Dry January is over, but experts tell Moneyish how you can drink less and feel great about it
Drink less, do more.
Many committed to the annual challenge of “Dry January,” a month of no alcohol to detox from binge eating and drinking during the holidays. But now that those 31 days are up, some are choosing to consume less booze.
“I have a renewed desire to drink less after doing Dry January,” Lindsay Meeks, 33, a video producer from Brooklyn tells Moneyish. “But I want to be realistic, so I would say I’m okay with drinking only three times a week, but I’ll keep it to two to three drinks only. I’m trying to reprogram how I think about my free time, which is really the key.”
Dry January was started in the UK by the British charity Alcohol Concern in 2011, and the pledge to stay sober for a full month made its way to the US soon after. It turns out those who abstained from alcohol for one month are already ahead of the curve for staying sober for the rest of the year. Researchers from the University of Suffolk in England studied more than 800 people who participated in Dry January in 2016, and found that about half of those who voluntarily stopped drinking for 30 days seemed to drink less in the next six months. And those who abstained had better liver function, better skin conditions and weight loss.
For Meeks, drinking less comes with taking on more hobbies and changing some of her social routines. Instead of going to a bar on the weekends, she now plays tennis with her wife on Friday and Saturdays. Taking time to enjoy dinners, and discovering meal kit recipes is also a great way to drink less, she says.
“I’ve been hitting up the lemonade and other fun drinks so I don’t feel like I’m missing out,” she says, of discovering particularly good mocktails at Corkbuzz, a wine bar in the Chelsea neighborhood of Manhattan.
The choice to drink less for the rest of the year was an important wellness decision for Meeks.
“We’re at that age where we either evolve, or have the potential to slip into alcoholism,” she says.
Americans are drinking more than ever. Around 30 million adults binge drink — consume four or more drinks — at least once a week, according to a study published in JAMA Psychiatry from last year. Binge drinking is also more common among people with household incomes of $75,000 or more than people with lower incomes, the CDC reports.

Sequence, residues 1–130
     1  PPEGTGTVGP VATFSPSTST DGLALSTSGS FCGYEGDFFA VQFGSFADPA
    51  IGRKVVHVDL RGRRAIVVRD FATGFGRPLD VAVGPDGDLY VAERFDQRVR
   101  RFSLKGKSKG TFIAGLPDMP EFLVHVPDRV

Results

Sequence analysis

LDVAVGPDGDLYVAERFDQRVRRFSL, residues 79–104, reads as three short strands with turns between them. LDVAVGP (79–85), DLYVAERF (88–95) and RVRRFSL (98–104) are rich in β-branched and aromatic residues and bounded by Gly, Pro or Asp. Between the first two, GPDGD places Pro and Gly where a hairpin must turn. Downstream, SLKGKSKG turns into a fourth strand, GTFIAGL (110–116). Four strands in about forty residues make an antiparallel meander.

What’s more, women showed a larger increase in alcoholism, according to the report. Drinking in moderation means that women should limit alcohol to one drink per day and two for men, according to U.S. Dietary Guidelines .(One drink is defined as one 12-ounce bottle of beer, one 5-ounce glass of wine, or 1.5 ounces of 80-proof distilled spirits).
Of course, quitting cold turkey is easier said than done, considering about 80% of people have broken their New Year’s resolution, according to U.S. News & World Report. While some people don’t want to give up drinking entirely, there are some ways to cut back, experts say.
Here are the best tips for mindful drinking:
Have a plan
“Have a plan when you’re going into a situation or social setting where there’s alcohol,” says New York-based life coach Ana Goldstein. “Are you going to drink club soda? Are you not going to drink anything? People might say, ‘why aren’t you drinking?’ Have an answer, like ‘ I decided I’m not going to drink for this year because XYZ.”
One tip to stay committed to the goal is to make a promise to yourself and tell a friend, partner, colleague or coach you’re staying dry so they can hold you to your word. If you have someone who also wants to ease off the booze, make it a team effort.
“If you can have an accountability partner, someone who’s doing it with you or even if you make it a public accountability by writing out your goal on social media, you’ll feel obligated to follow through cause you feel like you’re not alone. You’re more likely to achieve your goals,” says Goldstein.
If you feel like you’re going to be pressured to drink at a party, Goldstein says skip it and sub in another activity.
“Don’t go at all if you feel like it’s going to be an environment where you’re not going to control yourself don’t go at all,” she says.
For those who don’t want to compromise the social aspect that comes with drinking, there are plenty of options like sober event series that feature meditations, live music, dancing and mingling with like the minded “sober curious.”
“When we have habits, the best thing we can do is create a new habit — having a replacement thing to go to is really helpful. Having different activities can help you change a pattern,” says Goldstein.
© 2018 Dow Jones & Company, Inc. All Rights Reserved